There aren’t a lot of people who know about this album mostly due to the fact that it was only available in the US as a Japanese import (album format only) and as far as I know, only sold at Shirokiya’s after it was released in 1979.
However, like a lot of other older recordings that were available only in an album or cassette format at that time, you can now buy Weekends On Malibu via the internet in CD format. (Because it is coming from Japan, expect to pay the price of an import).
My favorite track on the album is "I've Been There Too", I love it! What's the story behind this song?
While selecting songs for the album, we were encouraged to be open to songs written by other songwriters and selected this song written by Michael Stevens after auditioning about a dozen demos that were submitted to us. The demo was actually presented to us as a rock song and got “mellowed out” by our producer. It was my first attempt at playing a slide guitar solo.
Ron Yuen of Summer at the band's reunion show in January, 2012 at Terry's Place, Honolulu.Aloha Got Soul: Summer recorded "Weekends on Malibu" at the Yamaha Music Camp in Japan in September 1978. What is the Yamaha Music Camp, and how did Summer become a part of the event? Ron Yuen: Our management company at the time had entered into a new partnership with Trio Records of Tokyo and we were invited to be part of a three album project. They and had secured access to an exclusive recording studio on the grounds of an ocean side resort in Nemu No Sato which is where the Yamaha Music Camp was located. (Note: Nemu No Sato is located in the Ise Shima National Park, famous for its scattered islands and bays through the area).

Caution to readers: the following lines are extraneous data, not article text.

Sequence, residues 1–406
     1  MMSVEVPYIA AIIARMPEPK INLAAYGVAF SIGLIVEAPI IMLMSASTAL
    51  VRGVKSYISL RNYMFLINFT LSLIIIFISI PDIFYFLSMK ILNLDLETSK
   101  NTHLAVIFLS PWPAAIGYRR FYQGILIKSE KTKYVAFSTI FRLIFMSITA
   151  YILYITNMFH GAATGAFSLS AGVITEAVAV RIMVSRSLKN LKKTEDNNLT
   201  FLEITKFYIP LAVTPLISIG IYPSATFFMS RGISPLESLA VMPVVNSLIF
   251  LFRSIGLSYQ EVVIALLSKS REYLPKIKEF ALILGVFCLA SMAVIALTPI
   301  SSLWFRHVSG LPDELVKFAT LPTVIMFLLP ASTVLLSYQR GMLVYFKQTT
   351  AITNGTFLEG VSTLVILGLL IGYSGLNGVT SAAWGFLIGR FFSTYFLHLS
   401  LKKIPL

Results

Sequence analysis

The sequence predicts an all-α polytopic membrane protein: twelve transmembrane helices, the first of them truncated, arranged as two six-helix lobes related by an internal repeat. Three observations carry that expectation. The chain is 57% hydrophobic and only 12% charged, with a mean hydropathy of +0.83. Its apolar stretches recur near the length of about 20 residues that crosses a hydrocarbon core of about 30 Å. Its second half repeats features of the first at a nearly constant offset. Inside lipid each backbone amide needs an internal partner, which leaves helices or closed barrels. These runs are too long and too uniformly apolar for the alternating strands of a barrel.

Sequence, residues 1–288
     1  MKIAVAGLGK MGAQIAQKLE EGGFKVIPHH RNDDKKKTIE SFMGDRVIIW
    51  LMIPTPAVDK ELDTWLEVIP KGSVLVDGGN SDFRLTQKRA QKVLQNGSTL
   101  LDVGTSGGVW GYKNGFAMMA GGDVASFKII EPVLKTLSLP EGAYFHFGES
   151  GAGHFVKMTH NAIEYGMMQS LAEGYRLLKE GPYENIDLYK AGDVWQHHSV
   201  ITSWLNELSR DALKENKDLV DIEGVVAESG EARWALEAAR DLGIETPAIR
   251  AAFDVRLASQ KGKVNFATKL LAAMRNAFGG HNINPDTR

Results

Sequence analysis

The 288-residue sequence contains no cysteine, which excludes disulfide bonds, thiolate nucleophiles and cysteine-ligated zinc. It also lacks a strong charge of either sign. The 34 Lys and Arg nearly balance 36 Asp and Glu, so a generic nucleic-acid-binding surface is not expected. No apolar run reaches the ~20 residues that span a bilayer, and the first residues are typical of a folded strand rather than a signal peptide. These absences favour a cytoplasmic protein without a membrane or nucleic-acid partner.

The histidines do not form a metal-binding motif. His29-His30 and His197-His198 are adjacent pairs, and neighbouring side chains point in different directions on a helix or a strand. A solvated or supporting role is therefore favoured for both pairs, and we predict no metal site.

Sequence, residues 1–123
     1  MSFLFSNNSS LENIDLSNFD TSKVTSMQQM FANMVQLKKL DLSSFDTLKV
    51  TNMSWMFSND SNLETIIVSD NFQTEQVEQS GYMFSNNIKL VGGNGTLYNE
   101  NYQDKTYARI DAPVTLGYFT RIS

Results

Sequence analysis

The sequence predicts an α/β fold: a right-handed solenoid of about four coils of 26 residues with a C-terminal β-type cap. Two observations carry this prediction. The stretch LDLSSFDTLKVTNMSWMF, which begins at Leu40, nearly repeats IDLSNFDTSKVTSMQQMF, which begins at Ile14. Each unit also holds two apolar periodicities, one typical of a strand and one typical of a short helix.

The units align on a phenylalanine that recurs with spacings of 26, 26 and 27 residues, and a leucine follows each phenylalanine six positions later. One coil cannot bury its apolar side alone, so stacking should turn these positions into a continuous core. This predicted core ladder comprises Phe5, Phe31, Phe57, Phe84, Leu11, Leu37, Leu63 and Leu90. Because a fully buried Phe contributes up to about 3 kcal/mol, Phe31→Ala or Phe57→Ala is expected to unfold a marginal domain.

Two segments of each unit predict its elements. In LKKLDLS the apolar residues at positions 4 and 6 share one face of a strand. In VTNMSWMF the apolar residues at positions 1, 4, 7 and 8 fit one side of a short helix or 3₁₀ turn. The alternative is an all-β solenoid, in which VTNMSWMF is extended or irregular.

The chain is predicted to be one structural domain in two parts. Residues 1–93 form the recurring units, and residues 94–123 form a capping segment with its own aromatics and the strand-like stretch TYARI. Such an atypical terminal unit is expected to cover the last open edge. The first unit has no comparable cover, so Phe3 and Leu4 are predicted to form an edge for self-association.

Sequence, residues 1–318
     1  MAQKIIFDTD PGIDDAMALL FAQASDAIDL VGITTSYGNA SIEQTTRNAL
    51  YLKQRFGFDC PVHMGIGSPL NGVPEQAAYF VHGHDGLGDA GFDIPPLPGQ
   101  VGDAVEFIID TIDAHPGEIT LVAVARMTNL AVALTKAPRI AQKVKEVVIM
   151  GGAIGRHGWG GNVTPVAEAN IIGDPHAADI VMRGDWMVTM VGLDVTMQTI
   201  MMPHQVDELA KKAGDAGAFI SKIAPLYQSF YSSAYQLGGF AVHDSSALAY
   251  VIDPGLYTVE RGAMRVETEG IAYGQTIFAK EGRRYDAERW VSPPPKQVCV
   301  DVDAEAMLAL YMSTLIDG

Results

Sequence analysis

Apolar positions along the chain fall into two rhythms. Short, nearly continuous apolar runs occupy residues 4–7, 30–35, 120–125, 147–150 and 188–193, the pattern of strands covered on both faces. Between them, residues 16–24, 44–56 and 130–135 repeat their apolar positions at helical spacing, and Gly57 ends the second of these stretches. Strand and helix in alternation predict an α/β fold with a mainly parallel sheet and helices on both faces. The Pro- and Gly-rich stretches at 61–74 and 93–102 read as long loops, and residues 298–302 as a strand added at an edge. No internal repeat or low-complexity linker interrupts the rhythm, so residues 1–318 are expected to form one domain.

Nemu no Sato, the hotel where Summer stayed during the recording project, is located in a scenic region of Japan.We all stayed in cabanas for a month and recorded the basic tracks for what would turn out to be Kalapana’s Northbound, Summer’s Weekends on Malibu and Michael Paulo’s (first solo jazz endeavor) Tat’s in the Rainbow albums. The basic tracks were then brought back to LA where the vocals and overdubs were recorded before being mixed.